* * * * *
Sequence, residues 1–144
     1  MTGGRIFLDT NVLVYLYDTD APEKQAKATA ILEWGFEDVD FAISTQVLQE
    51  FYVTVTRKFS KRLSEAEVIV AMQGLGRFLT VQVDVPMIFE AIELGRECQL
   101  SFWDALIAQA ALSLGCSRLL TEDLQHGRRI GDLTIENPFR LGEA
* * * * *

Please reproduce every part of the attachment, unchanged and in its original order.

Sequence, residues 1–144
     1  MTGGRIFLDT NVLVYLYDTD APEKQAKATA ILEWGFEDVD FAISTQVLQE
    51  FYVTVTRKFS KRLSEAEVIV AMQGLGRFLT VQVDVPMIFE AIELGRECQL
   101  SFWDALIAQA ALSLGCSRLL TEDLQHGRRI GDLTIENPFR LGEA